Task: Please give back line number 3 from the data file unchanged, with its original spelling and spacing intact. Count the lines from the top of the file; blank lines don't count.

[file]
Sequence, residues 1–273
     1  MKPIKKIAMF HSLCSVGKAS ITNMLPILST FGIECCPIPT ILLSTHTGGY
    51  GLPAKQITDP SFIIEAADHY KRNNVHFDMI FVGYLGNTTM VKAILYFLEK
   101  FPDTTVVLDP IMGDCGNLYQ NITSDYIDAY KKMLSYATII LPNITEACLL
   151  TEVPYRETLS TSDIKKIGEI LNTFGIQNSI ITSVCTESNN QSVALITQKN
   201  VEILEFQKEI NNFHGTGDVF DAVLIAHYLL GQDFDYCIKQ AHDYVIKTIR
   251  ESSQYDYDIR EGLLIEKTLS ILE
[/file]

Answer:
    51  GLPAKQITDP SFIIEAADHY KRNNVHFDMI FVGYLGNTTM VKAILYFLEK